behavior · community · creativity · Mental · psychology

How Knitting Behind Bars Transformed Maryland Convicts – News – GOOD

Prisoners show off their knitting progress. Photo courtesy of the program.

Creating something with your hands, learning a craft, and being successful with something even as simple as crochet can have huge positive effects on people. That effect that be even more significant if you’ve been a screw-up your whole life, as many people behind bars feel they have been. This story about bringing knitting workshops to prisons is a great example, similar to the Puppies Behind Bars program or helping to raise endangered frogs, of how doing something as simple as a pearl and stitch can have huge psychologically positive impacts.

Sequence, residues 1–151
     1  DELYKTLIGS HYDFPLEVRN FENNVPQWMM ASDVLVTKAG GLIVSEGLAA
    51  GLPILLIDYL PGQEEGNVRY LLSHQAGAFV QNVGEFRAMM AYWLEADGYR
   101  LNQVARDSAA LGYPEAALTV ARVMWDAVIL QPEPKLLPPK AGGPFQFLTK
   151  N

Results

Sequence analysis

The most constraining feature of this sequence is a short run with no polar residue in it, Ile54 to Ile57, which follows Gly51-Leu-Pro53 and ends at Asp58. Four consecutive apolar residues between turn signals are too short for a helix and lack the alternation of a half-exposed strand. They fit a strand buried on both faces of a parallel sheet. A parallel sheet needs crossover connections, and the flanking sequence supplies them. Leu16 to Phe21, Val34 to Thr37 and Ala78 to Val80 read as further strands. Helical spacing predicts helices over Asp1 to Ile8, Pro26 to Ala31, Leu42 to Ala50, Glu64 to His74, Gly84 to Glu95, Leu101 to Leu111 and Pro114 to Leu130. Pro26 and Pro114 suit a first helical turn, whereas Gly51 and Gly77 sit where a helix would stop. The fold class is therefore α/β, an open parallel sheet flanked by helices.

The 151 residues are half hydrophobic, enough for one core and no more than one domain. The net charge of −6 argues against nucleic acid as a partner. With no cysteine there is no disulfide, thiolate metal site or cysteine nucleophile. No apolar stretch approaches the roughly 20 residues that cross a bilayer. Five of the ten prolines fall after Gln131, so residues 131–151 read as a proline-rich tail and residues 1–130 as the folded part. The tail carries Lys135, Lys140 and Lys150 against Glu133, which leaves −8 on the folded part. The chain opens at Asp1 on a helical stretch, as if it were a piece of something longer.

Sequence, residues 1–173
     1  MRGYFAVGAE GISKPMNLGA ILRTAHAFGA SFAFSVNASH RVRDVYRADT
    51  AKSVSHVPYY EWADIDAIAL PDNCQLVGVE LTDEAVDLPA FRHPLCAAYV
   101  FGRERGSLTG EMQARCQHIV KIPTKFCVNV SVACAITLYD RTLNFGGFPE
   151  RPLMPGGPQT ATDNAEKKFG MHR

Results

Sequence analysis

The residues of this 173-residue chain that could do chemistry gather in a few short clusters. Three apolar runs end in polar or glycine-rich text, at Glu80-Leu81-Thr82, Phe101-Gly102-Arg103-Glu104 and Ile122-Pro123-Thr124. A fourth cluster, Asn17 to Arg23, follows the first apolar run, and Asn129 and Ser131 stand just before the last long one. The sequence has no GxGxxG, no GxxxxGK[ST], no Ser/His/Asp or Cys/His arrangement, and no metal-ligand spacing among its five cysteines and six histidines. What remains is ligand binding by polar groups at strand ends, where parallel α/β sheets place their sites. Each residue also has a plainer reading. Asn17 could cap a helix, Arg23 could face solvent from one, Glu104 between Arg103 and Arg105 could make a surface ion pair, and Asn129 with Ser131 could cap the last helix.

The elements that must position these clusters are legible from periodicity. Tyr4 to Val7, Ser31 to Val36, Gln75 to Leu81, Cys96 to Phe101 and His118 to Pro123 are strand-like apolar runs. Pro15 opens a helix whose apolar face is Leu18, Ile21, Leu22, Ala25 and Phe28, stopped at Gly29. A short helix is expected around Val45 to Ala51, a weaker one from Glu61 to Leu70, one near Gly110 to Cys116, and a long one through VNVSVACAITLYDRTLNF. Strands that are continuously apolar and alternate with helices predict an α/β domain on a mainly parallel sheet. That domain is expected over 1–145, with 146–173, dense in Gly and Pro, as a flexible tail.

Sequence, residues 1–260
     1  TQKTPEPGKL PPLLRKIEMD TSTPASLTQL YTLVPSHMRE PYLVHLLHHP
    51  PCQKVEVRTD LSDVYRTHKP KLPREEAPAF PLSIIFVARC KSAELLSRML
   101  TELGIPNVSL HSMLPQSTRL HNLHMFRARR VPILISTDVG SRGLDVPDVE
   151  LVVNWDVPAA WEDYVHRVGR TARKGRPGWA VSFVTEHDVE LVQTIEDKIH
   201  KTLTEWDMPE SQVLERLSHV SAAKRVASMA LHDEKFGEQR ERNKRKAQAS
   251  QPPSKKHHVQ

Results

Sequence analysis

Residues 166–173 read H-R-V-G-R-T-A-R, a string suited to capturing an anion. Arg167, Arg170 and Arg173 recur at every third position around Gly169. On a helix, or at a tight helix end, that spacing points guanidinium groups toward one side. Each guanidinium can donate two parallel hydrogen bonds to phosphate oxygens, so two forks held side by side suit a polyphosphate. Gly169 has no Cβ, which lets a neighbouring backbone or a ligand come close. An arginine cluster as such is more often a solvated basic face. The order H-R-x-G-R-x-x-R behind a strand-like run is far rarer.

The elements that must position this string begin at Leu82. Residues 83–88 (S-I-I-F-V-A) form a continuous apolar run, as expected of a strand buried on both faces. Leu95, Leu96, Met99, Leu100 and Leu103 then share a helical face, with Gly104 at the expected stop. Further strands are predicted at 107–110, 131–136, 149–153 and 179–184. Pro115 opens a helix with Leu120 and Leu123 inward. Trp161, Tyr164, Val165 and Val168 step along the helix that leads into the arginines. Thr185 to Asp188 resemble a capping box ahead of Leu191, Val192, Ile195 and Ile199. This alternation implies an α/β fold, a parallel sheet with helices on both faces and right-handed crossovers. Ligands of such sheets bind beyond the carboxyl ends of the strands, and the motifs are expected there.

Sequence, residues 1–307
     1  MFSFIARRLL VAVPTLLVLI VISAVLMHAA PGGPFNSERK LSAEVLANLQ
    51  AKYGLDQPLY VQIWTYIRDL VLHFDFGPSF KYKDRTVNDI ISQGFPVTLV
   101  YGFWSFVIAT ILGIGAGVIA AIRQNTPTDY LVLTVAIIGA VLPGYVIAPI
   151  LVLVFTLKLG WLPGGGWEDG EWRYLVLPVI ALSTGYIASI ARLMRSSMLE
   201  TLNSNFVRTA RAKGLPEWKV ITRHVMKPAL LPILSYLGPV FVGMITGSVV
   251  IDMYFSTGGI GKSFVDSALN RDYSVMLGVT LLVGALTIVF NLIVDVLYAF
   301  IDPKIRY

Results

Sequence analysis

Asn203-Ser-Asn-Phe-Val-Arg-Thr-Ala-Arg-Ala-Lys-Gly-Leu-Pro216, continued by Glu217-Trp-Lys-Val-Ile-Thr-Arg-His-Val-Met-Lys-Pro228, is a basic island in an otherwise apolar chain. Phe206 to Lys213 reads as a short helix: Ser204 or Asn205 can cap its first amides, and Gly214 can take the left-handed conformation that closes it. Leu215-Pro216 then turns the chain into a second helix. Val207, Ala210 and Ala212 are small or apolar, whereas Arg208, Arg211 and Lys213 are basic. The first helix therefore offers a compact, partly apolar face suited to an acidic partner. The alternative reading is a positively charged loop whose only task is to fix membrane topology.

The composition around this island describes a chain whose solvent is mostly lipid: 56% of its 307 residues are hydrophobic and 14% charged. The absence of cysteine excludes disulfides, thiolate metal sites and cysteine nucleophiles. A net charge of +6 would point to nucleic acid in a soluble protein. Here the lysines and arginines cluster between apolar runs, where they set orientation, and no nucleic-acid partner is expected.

In late 2009, Lynn Zwerling stood in front of 600 male prisoners at the Pre-Release Unit in Jessup, Maryland. “Who wants to knit?” she asked the burly crowd. They looked at her like she was crazy.

Yet almost two years later, Zwerling and her associates have taught more than 100 prisoners to knit, while dozens more are on a waiting list to take her weekly class. “I have guys that have never missed one time in two years,” Zwerling says. “Some reported to us that they miss dinner to come to class.”

Zwerling, 67, retired in 2005 after 18 years of selling cars in Columbia, Maryland. She didn’t know what to do with her time, so she followed her passion and started a knitting group in her town. No one came to the first meeting, but the group quickly grew to 500 members. “I looked around the room one day and I saw a zen quality about it,” Zwerling says. “Here were people who didn’t know each other, had nothing in common, sitting together peacefully like little lambs knitting. I thought, ‘It makes me and these people feel so good. What would happen if I took knitting to a population that never experienced this before?’”